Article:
Bachelor of Health Sciences

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The Bachelor of Health Sciences is a three-year degree leading to careers in health and public policy, public health, health management, health research and other non-clinical roles. Graduates will play an important role in improving public health through disease prevention, health promotion, and health service planning, delivery, and evaluation.

The minimum prerequisite is University Entrance but NCEA Biology is recommended.

UC offers Headstart preparatory programmes for students who do not have the required background.

The six majors were designed to fill identified gaps in skills in New Zealand's health sector. Combinations can be taken as a double major. Students may take up an internship as part of their degree.


The BHSc is a multi-disciplinary qualification and our graduates are using their skills in the health sector and beyond. Our graduates have been employed as health promoters, case managers, policy analysts or in health management and research.

It is ideal preparation for working in settings such as district health boards, government ministries, local government, non-government organisations, Māori provider organisations, hospices, aged residential care, schools, primary care organisations, universities and polytechnics.

The health sector is one of New Zealand’s biggest employers with a wide range of career opportunities. In New Zealand’s increasingly diverse and ageing society, health needs and health workforce opportunities will continue to expand.

Major subjects

You will develop an understanding of risk factors in the natural and built environment, underlying biological processes and the scientific methods used to investigate, monitor, and assess the effects of environmental hazards - such as pollution, unsafe food and infectious diseases - on people's health and wellbeing.


Graduates of the BHSc majoring in Environmental Health will potentially find employment as environmental health officers (with a further qualification), laboratory roles in health laboratories, in local and national environmental health roles, or progress to postgraduate research in environmental health science.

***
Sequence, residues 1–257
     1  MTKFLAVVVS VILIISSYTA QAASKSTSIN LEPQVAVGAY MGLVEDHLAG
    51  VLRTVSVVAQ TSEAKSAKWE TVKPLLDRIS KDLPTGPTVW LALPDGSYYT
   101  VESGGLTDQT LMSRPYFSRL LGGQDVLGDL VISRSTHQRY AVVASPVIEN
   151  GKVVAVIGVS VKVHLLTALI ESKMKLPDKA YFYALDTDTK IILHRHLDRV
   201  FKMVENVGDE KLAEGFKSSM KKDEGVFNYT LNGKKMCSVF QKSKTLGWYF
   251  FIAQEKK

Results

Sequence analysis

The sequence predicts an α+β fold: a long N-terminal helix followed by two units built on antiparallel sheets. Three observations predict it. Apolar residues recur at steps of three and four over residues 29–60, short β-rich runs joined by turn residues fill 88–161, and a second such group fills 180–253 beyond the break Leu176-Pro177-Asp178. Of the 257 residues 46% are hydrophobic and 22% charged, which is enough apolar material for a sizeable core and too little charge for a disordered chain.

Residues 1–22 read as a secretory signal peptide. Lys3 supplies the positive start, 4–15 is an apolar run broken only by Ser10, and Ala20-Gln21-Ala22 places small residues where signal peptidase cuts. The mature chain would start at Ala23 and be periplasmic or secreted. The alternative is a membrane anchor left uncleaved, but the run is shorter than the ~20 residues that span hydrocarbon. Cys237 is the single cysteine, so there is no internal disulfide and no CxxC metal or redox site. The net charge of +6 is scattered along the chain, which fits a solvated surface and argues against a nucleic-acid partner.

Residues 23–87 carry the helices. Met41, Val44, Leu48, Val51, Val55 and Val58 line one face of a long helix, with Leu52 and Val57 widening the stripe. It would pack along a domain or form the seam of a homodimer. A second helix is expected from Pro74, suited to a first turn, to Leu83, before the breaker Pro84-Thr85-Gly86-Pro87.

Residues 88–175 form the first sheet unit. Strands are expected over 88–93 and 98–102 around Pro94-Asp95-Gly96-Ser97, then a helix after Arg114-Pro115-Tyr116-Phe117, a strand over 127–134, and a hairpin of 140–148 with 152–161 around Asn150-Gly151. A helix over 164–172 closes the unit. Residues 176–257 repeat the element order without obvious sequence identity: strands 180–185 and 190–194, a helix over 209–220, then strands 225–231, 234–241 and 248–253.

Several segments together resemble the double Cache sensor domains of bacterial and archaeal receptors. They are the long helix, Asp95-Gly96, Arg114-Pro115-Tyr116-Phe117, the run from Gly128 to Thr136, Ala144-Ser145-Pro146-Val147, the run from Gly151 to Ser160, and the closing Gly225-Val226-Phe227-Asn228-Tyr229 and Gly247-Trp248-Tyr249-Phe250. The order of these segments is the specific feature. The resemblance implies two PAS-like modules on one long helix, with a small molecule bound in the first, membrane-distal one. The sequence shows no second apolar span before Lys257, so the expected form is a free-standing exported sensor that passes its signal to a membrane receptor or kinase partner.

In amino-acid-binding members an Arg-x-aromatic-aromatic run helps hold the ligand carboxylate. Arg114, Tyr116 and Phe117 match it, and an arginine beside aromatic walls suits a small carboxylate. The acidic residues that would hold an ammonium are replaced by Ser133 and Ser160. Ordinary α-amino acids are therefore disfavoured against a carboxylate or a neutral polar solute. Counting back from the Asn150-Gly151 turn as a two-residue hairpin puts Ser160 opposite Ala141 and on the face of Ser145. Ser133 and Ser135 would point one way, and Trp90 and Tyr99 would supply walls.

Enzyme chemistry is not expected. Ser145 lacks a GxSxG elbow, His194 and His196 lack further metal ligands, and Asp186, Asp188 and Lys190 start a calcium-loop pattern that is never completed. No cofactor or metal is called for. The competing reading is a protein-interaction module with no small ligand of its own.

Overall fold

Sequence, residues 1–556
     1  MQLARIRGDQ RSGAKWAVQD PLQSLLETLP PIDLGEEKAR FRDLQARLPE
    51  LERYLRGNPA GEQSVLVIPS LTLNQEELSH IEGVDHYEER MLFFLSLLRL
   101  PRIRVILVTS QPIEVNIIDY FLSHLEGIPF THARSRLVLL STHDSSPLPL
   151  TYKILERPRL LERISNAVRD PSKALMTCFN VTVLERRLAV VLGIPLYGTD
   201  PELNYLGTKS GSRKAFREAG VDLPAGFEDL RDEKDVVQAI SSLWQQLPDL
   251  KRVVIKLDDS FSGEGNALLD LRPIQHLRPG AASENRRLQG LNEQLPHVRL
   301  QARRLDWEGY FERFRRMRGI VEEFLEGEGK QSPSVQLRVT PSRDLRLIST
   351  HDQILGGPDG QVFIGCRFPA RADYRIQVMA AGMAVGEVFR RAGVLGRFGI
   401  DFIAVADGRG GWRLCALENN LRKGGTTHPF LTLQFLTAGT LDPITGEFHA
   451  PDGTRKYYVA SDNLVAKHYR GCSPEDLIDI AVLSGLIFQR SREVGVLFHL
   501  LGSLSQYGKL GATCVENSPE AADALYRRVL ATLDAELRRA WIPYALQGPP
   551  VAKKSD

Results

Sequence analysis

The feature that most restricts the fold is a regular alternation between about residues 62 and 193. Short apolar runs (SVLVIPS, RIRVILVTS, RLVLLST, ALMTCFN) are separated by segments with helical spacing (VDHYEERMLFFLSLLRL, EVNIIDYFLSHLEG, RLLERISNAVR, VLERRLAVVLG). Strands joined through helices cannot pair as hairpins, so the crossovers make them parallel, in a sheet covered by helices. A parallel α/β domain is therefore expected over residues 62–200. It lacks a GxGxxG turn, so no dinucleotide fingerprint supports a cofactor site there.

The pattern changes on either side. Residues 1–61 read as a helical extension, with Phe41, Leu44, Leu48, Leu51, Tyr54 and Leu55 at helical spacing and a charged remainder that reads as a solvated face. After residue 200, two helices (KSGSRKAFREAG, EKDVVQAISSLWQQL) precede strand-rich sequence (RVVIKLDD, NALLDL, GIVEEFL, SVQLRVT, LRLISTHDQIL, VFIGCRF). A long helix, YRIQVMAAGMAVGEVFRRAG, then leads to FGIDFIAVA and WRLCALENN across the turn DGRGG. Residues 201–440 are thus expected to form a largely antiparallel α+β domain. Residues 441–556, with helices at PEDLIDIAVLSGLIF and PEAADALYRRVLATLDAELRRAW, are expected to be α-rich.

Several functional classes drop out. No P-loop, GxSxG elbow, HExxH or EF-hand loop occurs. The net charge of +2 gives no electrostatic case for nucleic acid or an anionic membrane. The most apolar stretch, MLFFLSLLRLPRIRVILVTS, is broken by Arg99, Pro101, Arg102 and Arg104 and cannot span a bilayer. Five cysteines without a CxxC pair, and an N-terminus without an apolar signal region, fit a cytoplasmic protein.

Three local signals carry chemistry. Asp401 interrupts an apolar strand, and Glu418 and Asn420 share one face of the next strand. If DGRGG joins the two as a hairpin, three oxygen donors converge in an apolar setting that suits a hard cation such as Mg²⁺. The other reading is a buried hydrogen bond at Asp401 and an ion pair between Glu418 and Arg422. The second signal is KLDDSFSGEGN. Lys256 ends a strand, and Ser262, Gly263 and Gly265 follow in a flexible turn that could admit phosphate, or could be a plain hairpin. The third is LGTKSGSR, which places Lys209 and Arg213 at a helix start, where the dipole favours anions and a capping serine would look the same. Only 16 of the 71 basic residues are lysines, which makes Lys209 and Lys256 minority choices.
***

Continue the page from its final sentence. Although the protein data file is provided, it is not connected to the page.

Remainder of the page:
Graduates of the Health Education major will have specific knowledge that is applicable in a variety of settings.  Hands-on learning in different contexts, for example, sexual health, mental health or nutrition, teaches students to recognise factors that influence health and develop strategies to address them.

Debate and critical reflection on a range of contemporary health issues develops students' understanding of ethical issues and principles, respect for the autonomy and choice of both individuals and groups and competency in collaborative and consultative ways of working.


Graduates find employment in health-related institutions and agencies such as Community and Public Health (in nutrition, sexuality, school and mental health teams, health promotion teams), drug and alcohol agencies, Family Planning, the Mental Health Foundation, nutrition advisories, Red Cross and teaching Health Education in secondary schools to a senior NCEA level (with an additional teaching qualification).

Graduates of Māori and Indigenous Health are culturally competent, able to use, apply and integrate Māori, bicultural and indigenous knowledge and practices in their health and social services-related careers. The holistic Māori view of health and wellbeing is central to our teaching and students will learn skills in:

  • Te Ao Tangata – Engaging with Māori
  • Te Ao Hauora – Working with health professionals
  • Ngā Rātonga Hauora – Working with health services and health systems